Where has my life gone?

Over the weekend, I went to my niece’s seventh birthday party.  As always, it was a theme and this year’s theme was Halloween.  The kids were dressed up in costume and so were a couple of adults (I went as a Hogwarts alumni).  There was even a haunted house, put together with boards, tarp, and a lot of ingenuity.  My niece and her friends had a blast and the homemade cake looked just as good as a professionally done cake.

As I watched the children play, eat, and get scared silly, my mind flew back to my own childhood.  At my niece’s age, I didn’t think beyond the next game, the next book, or the next meal.  I wasn’t aware of the hardships surrounding work, money, and food, the little dramas swirling around me.  I did know I lived in something of a troubled household but I learned how to block it out and create my own fantasy world.  As I got older, I began to look farther ahead to avoid looking at some of the pain and ugliness around me.  I began to plan.  However, it wasn’t any further than college.  Life beyond college was misty and indistinct.  I had the silly supposition that everything would just slide into place upon graduation.

Looking back now, I’m startled at the number of years that have passed and how few of my expectations have actually been fulfilled.  I always knew life was going to be hard.  I never knew that it would be as hard as it is.  I always knew there would be disappointment.  I never knew there would be this much.  Having your expectations blown apart can dampen even the most resilient optimist.  Getting so caught up in all that bad, I feel as if there is so much of it that I have missed, so many good things.

I wonder where my life has gone.  How could I have let all those years blithely slip by while I looked to the future, to the horizon beyond the next goal?  How could I not have savored more moments?  How could I focus on so much dark at times that I missed out entirely on the light?

One of my sharpest childhood memories is of eating a piece of butterscotch candy, slowly, letting it melt in my mouth, while my father bush hogged outside, yelling for my brother and me to run out and help him.  I was blatantly disobeying my father so I could savor a piece of candy.  My naughtiness made the moment all the sweeter because it was forbidden.  Another memory is of sitting in the large, raised door of our barn, watching late summer sunlight fill up the meadow as the sun edged toward the horizon.  It wasn’t a particularly beautiful meadow.  Weedy and full of thorns, it took on a mysterious beauty beneath that golden light.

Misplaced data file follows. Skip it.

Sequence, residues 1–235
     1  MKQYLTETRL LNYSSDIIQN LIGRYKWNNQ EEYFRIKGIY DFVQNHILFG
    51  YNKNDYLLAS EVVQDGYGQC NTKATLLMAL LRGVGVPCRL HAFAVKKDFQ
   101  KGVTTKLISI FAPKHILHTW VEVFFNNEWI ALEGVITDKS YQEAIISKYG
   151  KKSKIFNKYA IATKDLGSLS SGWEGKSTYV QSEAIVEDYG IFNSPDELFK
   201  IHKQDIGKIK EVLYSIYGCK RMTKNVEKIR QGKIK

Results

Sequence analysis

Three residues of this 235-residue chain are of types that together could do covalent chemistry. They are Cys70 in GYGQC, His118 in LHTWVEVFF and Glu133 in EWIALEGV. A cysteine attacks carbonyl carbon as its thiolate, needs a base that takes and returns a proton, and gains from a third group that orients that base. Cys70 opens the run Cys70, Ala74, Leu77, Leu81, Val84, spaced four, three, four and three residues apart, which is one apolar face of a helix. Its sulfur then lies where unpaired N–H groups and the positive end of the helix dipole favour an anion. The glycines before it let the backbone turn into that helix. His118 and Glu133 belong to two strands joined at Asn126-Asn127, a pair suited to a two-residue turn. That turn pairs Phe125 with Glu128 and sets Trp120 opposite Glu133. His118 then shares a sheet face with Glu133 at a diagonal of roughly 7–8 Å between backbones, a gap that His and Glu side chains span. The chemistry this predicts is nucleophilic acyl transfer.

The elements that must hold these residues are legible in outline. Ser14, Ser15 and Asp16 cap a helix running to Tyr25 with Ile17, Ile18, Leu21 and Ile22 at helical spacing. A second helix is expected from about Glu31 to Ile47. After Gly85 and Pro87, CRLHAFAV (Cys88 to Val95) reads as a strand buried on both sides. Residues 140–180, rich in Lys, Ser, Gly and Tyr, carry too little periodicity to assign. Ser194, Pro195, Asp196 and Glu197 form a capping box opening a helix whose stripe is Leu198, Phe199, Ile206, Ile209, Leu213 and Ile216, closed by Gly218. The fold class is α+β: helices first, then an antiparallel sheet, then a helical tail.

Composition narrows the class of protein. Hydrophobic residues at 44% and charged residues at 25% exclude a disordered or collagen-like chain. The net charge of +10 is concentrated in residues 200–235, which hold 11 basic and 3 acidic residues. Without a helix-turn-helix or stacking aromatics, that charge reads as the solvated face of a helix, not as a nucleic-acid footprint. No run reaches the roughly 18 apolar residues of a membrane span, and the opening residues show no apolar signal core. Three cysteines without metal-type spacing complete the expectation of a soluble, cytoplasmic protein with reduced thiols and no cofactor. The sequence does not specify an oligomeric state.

But there are black spots in-between.  Details muddied or missing altogether.  People’s faces and names that I cannot recall so easily or so clearly as I once did.  Because of all the tragedy in my life, sometimes I feel much older than I actually am.  I think about all that I could have missed, all the beautiful moments, and I feel bereft.

I suppose that’s one of the reasons why I’ve started to tend toward impatience.  I don’t want to be dealing with a job I don’t especially like or interacting with obstinate people or even wrestling with a difficult computer program or Internet connection.  There’s too much to live and experience.  Twenty-eight years of my life has already passed.  I am not promised tomorrow.  Why on earth would I want to waste another day, another moment?

The children at that birthday party were too busy living life to bother to splice it down and parse it out.  They were too busy enjoying candy, cake, and ice cream to think about the calories or how much it all cost.  I’m not advocating a hedonistic lifestyle where one casts aside all concern.  As an adult, I have to consider things like money and obligation.  But I shouldn’t let those things rob me of the enjoyment of the moment.  Though I do believe there is a life beyond this one, I know we were given an earthly life for a reason, and one of those reasons is to live it.

I don’t want to lie on my deathbed and ask myself, “Where has my life gone?”  Because if I cannot answer that question, how can I expect to live well the life that could be handed to me beyond this earth?

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